Wednesday, October 30, 2013

Double-edged Fame

"A sign that is worn own fame is taking care of the infamy of others" (Baltasar Gracian, Spanish writer). Is it enough infamy to have 15,273 negative votes (and growing up) on YouTube? And what if your name is Keith Alexander and you are about to leave one of the institutions that today are in the spotlight?

Well that's the number of "dislikes" accumulated by almost outgoing director of the NSA, in an interview published in the audiovisual channel by the U.S. Defense Department, and conducted by one of its journalists star, Jessica L. Tozer: "Sarcasm. Science fiction. Games. Geek staff" she says in her Twitter profile @JLTozer.



But we must also note that while NSA gets all the blame, others are getting away with exactly the same thing. We mean: Russia itself. In the last G20 meeting its intelligence was distributing flash drives with malware designed to steal information. It raises two questions: first, those delegates accepting such a poisoned gift are certainly unprepared; second, did the authors of the idea really think that they were going away scot-free?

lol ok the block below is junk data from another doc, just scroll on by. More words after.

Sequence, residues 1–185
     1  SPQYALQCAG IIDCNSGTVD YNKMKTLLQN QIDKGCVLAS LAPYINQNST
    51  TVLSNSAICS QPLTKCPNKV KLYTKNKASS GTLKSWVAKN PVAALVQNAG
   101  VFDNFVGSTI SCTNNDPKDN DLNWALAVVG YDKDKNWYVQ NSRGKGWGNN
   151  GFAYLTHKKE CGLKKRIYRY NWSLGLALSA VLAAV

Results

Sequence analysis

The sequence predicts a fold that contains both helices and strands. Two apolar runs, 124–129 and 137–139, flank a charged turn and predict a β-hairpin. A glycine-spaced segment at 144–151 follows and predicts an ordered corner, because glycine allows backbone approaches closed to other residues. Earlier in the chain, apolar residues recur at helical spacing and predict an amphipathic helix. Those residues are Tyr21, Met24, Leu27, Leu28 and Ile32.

The great debate that the Snowden issue has put on the table is privacy. Is it possible the anonymity on the web? Anyone is able to secure a noninvasive online experience? Are they both compatible? Splitting hairs, RSA Conference Chairman, Art Coviello, draws an explosive headline in his opening event keynote: "Anonymity is the Enemy of Privacy." Jumping from event to event, and staying at the safe online experience, Net Security echoes of one talk during the last DefCon, which reveals how a technology as obsolete as the phone can pose a problem for many companies more serious than the malware. How is it? Combining it with social engineering techniques.

You can also qualify as real engineering to generate easy money, the last operation of phishing that uses the American Express Company. A clean message with a credible link that silently injected Javascript code and ends asking the user credentials, everything seemingly in safe navigation. Watch out where you click. It’s always better to prevent. The next step is infection: the latest Adobe security breach reported that 3 million customers exposed data. Well, they are not so many, they are even more: up to 38 million, as just has revealed the prestigious journalist Brian Krebs. When something like this happens, you must treat that others infamy is not excessive, or you will spend your own fame.

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